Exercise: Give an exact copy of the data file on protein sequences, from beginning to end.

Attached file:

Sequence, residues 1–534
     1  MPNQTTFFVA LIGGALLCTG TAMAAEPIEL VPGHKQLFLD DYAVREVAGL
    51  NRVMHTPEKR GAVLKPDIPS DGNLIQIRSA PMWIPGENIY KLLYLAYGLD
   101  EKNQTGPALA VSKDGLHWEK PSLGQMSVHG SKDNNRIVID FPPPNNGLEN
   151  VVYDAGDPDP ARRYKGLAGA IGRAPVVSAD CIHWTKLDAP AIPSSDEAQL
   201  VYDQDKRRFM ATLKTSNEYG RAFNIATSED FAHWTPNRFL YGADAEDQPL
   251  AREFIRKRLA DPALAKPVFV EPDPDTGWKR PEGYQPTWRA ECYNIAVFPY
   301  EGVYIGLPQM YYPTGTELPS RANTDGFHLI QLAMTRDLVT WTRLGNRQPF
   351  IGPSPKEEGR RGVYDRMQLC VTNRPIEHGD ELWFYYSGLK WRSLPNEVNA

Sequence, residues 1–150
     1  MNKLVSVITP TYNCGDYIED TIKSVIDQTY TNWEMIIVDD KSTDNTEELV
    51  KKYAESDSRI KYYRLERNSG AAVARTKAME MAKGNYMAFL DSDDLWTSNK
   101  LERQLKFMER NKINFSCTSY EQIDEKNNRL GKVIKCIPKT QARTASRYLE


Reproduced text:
Sequence, residues 1–534
     1  MPNQTTFFVA LIGGALLCTG TAMAAEPIEL VPGHKQLFLD DYAVREVAGL
    51  NRVMHTPEKR GAVLKPDIPS DGNLIQIRSA PMWIPGENIY KLLYLAYGLD
   101  EKNQTGPALA VSKDGLHWEK PSLGQMSVHG SKDNNRIVID FPPPNNGLEN
   151  VVYDAGDPDP ARRYKGLAGA IGRAPVVSAD CIHWTKLDAP AIPSSDEAQL
   201  VYDQDKRRFM ATLKTSNEYG RAFNIATSED FAHWTPNRFL YGADAEDQPL
   251  AREFIRKRLA DPALAKPVFV EPDPDTGWKR PEGYQPTWRA ECYNIAVFPY
   301  EGVYIGLPQM YYPTGTELPS RANTDGFHLI QLAMTRDLVT WTRLGNRQPF
   351  IGPSPKEEGR RGVYDRMQLC VTNRPIEHGD ELWFYYSGLK WRSLPNEVNA

Sequence, residues 1–150
     1  MNKLVSVITP TYNCGDYIED TIKSVIDQTY TNWEMIIVDD KSTDNTEELV
    51  KKYAESDSRI KYYRLERNSG AAVARTKAME MAKGNYMAFL DSDDLWTSNK
   101  LERQLKFMER NKINFSCTSY EQIDEKNNRL GKVIKCIPKT QARTASRYLE